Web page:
Cameraman who built them
EmptyMike Ferra, a camera operator who developed the Ferraflex line of cameras that are used in action film chase sequences, died March 4 in Los Angeles after a prolonged illness. He was 74.
Ferra landed a grip job at Warner Bros. in 1963 and became an assistant cameraman in the mid-'70s. As he moved up to camera operator, Ferra saw the need for specialized cameras and housings to meet the needs of action shoots, and he founded Ferraflex Minicam Systems Inc.
The tiny cameras with miniature film magazines can be mounted over the actor's shoulder to get reaction shots of the character he's talking to, attached to the end of a wand for low-angle shots or tucked away in a concealed location. Crash-protection mounts are designed for use in close-ups of vehicle collisions.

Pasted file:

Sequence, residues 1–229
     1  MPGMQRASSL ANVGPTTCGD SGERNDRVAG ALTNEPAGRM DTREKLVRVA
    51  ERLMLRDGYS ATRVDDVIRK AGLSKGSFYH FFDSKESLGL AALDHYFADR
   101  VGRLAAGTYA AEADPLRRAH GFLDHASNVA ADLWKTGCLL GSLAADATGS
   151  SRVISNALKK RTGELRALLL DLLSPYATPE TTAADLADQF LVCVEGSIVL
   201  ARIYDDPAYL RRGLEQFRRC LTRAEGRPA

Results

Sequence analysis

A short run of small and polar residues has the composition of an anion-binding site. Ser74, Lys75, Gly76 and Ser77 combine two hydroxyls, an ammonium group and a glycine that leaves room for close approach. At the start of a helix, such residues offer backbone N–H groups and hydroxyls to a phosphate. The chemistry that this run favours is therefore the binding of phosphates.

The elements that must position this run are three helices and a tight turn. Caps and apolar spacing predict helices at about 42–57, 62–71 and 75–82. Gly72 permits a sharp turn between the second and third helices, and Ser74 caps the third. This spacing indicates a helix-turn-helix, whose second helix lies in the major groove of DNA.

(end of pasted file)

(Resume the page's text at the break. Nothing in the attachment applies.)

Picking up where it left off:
The versatile system brought Ferra work as a second unit director of photography on movies and TV shows including "Meteor," "Below Utopia," "Flashfire," "The Mountain Men" and "Baby Makes Six."
He also worked with such figures as Steve McQueen, Sean Connery and Farrah Fawcett in an uncredited role.
Ferra's cameras continue to be used for action films and TV through Alan Gordon Enterprises Inc.